Yet, there are clearly benefits to cryptocurrencies. Transactions are fast. A payment can be processed in seconds. Blockchain technology is proven to be secure. The fees are low. And the transactions are immutable, forever embedded in a public blockchain for posterity.

Stablecoins defined

There are four main types of stablecoins.

  1. Fiat-backed stablecoins

    The most common type of stablecoin is backed by a fiat currency like the U.S. Dollar or the Euro. These stablecoins are collateralized at a 1:1 ratio. This means that one stablecoin is worth one unit of the fiat currency.

    For every fiat-backed stablecoin that is minted, there will be one unit of the fiat currency in a bank account as collateral. When a consumer wants to exchange the stablecoin for the underlying fiat currency, it is transferred to the consumer's bank account and the stablecoin is destroyed. This keeps the 1:1 ratio balanced.

  2. Commodity-backed stablecoins

    Stablecoins can also be backed by other valuable assets. One of the most common is gold. Other stablecoins are backed by real estate, oil, diamonds or precious metals.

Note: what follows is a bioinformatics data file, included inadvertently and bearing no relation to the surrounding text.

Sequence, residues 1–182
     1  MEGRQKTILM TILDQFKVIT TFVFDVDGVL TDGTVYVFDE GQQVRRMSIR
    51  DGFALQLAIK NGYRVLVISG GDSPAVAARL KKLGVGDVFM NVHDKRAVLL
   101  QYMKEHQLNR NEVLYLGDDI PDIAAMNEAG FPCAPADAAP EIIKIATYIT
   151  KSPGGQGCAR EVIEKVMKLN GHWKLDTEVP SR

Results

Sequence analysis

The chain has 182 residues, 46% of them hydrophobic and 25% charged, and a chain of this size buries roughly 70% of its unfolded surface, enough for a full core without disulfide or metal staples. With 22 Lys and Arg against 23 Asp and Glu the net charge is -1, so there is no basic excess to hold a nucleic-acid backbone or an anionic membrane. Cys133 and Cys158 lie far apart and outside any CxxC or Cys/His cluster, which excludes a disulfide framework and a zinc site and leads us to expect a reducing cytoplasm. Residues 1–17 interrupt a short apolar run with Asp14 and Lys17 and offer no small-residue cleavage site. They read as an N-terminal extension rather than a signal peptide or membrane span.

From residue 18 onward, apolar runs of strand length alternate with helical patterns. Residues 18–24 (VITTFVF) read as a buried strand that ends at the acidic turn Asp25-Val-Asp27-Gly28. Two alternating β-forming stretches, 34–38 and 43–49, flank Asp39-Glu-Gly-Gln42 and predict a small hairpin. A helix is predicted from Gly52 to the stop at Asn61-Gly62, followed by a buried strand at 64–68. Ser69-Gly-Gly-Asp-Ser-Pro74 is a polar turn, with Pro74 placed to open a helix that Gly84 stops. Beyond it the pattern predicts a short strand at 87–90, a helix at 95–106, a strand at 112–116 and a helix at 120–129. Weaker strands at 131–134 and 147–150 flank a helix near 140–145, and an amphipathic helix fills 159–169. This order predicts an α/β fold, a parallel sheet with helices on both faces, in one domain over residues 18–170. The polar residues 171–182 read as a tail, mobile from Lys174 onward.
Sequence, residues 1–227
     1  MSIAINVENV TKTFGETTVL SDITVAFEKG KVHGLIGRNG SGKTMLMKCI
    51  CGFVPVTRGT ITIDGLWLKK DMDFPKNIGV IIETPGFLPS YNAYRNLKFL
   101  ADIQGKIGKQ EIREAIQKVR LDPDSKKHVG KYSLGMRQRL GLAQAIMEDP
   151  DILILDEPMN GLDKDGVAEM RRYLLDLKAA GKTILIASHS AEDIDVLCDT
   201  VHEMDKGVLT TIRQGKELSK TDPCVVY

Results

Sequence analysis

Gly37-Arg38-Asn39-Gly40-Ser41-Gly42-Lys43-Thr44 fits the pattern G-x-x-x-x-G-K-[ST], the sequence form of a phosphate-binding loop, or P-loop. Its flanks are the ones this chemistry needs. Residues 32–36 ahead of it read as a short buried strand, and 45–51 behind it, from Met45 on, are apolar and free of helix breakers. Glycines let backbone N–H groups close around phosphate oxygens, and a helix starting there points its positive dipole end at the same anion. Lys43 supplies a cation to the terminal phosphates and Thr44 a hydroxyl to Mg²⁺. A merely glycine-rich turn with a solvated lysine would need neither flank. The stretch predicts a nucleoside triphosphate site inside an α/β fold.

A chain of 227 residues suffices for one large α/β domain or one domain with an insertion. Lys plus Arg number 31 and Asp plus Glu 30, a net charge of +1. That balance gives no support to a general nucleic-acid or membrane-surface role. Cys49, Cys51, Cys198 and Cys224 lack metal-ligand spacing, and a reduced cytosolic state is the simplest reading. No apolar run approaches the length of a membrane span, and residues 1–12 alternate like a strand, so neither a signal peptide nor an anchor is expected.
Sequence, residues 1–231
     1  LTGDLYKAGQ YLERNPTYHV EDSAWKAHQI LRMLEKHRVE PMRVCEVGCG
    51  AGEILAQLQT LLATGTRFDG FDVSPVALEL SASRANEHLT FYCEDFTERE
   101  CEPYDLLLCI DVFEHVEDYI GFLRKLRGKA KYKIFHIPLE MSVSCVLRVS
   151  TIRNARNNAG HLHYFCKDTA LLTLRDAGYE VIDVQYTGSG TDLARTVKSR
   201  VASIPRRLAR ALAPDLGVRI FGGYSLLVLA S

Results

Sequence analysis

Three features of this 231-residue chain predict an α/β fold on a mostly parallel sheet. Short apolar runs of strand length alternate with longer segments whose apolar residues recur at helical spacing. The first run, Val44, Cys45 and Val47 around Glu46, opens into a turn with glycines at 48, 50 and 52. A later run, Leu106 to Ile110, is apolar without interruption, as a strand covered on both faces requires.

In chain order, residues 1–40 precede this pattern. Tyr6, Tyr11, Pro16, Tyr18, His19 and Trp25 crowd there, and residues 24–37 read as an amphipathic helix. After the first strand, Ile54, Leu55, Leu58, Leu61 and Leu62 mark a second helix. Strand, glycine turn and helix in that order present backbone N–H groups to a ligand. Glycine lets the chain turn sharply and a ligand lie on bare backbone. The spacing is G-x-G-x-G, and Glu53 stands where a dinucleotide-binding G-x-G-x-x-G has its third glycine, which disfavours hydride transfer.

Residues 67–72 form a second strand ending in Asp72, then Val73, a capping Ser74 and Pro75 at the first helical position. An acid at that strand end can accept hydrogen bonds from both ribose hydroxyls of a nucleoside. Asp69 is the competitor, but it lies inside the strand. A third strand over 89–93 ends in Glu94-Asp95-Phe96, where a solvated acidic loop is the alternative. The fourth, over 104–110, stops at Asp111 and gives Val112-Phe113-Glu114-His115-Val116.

Owners of an asset-backed cryptocurrency own a piece of that asset, which means the value of the cryptocurrency will follow the value of the underlying asset. Since the assets used as collateral tend to increase in value over time, so will the stablecoin. This gives consumers an added reason to hold and use this type of currency.

  3. Cryptocurrency-backed stablecoins

    This type of stablecoin is backed by other cryptocurrencies. At first glance, this may be confusing, but these stablecoins are majorly over-collateralized by the underlying cryptocurrency to account for the volatility in the market.

    In practice, it looks like this: Let’s say you wanted $100 in a certain type of cryptocurrency-backed stablecoin. You would have to lock up $200 of the underlying cryptocurrency to receive it. If the market drops, the added collateral can absorb the change, and if it drops far enough, the stablecoins will be liquidated.

  4. Unbacked stablecoins

    Another type of stablecoin is not backed by anything other than smart contracts, a type of software embedded in the blockchain. The algorithms written into these smart contracts increase the supply of the stablecoin when demand increases and will buy back stablecoins when demand drops. This keeps the price of the stablecoin level.